My parents are retired, and naturally they are conscious of mortality that must come to everyone, especially when one approaches 80. They both have taken to religion quite seriously, and have some expectation that some afterlife awaits them. But mortal life is something that for many people is difficult to give up—especially preachers who make a good living sermonizing hell and damnation if you don’t act right (like contributing enough money to maintain their comfortable lifestyles). Frankly, the fact that the rest of my family is right-wing only sours me more on the moral and ethical value of religion. In any case, if they are on Medicare or a company retirement health plan, the ACA has little or nothing to do with their present coverage—but people with a cynical political agenda have done their best to convince them that somehow this is the case.

The uninformed attitude of far too many people concerning the ACA is based on their antipathy toward Barack Obama, and the people they believe he “represents”—the ones they consider freeloaders, mainly people they assume don’t share their “cultural values.” Being someone who some would peg as being in this group on sight, the patience I have for people who cloud their minds about why the ACA is not necessary in the long term is exactly none. I was one of those who were kicked out of their former medical plan, and am I unhappy about it? Absolutely not; if I have any reason to be unhappy about it, it is that my employer did not take advantage of the opportunity to offer the majority of its employees a decent employer plan, preferring to make us a government “problem.”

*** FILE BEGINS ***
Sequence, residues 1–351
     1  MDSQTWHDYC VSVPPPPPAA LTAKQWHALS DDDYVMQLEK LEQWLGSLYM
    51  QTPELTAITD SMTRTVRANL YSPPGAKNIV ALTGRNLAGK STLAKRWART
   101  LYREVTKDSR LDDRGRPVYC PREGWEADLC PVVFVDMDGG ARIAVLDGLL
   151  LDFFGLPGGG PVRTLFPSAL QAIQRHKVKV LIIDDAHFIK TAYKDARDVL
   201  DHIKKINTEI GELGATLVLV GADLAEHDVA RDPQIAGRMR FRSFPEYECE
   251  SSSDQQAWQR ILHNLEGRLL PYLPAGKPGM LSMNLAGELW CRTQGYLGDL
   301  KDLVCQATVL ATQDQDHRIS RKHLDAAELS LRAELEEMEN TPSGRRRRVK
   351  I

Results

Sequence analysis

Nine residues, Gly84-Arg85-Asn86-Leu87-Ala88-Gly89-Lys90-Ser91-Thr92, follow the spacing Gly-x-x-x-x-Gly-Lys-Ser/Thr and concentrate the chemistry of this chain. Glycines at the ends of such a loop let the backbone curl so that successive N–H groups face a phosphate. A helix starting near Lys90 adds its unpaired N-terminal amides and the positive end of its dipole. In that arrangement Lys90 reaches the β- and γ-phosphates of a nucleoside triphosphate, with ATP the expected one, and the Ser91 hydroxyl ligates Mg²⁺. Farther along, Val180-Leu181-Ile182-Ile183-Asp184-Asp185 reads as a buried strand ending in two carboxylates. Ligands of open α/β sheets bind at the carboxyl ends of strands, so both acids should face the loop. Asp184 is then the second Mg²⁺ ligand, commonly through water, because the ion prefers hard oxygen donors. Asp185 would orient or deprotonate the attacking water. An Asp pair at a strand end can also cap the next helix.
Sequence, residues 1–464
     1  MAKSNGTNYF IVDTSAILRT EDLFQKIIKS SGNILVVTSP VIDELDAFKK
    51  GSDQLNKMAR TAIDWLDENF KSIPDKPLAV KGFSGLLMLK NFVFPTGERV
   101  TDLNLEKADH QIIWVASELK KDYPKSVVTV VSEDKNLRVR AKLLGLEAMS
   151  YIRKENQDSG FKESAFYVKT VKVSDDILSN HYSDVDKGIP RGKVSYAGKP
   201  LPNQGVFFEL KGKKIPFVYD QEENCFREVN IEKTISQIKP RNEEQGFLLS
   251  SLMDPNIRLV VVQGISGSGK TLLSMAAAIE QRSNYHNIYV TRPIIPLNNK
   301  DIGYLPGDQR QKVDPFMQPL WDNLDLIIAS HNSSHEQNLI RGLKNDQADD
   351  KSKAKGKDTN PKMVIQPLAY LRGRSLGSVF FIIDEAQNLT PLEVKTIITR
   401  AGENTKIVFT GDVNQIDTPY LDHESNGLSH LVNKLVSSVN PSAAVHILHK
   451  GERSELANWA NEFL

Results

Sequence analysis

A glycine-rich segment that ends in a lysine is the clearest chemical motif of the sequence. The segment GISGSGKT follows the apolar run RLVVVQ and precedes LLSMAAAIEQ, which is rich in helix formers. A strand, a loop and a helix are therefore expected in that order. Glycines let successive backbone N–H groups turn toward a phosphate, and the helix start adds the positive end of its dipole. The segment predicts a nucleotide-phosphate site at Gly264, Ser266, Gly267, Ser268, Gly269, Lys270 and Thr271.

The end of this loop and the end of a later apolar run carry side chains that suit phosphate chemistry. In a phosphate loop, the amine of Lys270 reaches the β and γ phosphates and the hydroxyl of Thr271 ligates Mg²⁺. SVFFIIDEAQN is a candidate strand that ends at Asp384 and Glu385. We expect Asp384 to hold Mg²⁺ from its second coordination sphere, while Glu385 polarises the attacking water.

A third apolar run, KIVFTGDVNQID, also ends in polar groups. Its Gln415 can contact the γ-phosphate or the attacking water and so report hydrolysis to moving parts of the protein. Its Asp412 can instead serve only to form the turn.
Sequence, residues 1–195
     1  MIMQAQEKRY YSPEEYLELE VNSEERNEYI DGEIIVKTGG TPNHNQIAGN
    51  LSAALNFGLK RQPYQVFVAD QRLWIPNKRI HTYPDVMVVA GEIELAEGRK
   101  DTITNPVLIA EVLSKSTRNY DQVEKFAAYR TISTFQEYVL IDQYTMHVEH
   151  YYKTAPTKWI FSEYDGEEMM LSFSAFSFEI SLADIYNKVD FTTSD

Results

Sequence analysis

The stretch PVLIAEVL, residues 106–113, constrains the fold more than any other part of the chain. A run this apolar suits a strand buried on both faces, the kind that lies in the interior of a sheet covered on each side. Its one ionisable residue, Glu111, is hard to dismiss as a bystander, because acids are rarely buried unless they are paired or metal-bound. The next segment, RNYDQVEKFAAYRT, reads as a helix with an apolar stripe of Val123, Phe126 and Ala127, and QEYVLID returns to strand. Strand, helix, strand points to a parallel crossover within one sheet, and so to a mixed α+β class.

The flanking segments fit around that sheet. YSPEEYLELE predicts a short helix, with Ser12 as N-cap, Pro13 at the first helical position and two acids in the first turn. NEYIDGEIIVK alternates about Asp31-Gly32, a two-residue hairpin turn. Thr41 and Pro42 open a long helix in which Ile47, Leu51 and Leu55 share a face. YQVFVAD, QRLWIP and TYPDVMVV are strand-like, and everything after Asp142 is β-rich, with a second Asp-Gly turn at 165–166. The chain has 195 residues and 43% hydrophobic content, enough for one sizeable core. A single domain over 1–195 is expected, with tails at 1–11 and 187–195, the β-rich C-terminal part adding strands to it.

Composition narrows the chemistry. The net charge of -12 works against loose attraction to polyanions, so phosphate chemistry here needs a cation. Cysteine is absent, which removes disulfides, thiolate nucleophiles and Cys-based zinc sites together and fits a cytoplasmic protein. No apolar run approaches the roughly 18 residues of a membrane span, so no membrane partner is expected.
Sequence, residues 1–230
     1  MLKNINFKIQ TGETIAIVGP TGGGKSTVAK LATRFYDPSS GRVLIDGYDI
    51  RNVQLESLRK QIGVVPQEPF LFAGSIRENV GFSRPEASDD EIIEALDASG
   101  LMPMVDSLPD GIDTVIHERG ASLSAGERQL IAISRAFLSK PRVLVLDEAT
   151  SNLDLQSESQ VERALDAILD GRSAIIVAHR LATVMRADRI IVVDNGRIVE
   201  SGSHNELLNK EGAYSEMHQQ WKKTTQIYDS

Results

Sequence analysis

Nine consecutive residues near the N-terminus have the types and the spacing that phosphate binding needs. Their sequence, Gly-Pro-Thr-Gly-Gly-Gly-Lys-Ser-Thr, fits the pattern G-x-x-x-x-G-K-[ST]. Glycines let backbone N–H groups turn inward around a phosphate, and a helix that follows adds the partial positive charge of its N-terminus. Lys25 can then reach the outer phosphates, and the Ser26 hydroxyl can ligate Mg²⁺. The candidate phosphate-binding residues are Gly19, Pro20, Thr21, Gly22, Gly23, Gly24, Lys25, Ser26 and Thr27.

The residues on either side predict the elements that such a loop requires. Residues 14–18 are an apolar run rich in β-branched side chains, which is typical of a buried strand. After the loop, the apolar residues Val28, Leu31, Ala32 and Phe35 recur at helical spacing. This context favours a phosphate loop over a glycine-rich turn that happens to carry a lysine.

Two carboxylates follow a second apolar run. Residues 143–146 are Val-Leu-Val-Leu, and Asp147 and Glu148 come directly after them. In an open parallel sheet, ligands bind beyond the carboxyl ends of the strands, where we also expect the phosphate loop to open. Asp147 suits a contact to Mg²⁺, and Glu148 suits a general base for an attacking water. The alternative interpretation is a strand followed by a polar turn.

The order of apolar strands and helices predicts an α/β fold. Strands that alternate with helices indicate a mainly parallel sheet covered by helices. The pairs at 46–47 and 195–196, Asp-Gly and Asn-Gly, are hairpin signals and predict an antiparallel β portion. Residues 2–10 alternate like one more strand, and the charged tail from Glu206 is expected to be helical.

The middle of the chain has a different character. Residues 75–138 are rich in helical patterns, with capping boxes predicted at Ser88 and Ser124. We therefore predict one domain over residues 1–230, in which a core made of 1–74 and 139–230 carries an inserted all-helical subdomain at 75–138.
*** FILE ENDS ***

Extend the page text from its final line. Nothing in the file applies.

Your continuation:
People who have “lost” their former plans (not just their doctors) are merely uninformed about the true nature of those so-called “health” plans.  “Mini-medical” plans and the like are legal scams that in the long run are worse than having no health insurance at all, since they basically take more of your money than they give out. They offer so little coverage that you are loath to use it, and all the while the insurer improves its profit margins. When people have major medical issues, their out-of-pocket expenses are for all practical purposes what they would be paying without insurance. For these people, the ACA does exactly what is says it will do—provide good coverage at an affordable price. Even not having your “own” physician who probably barely remembers you seems to me a small price to pay for that.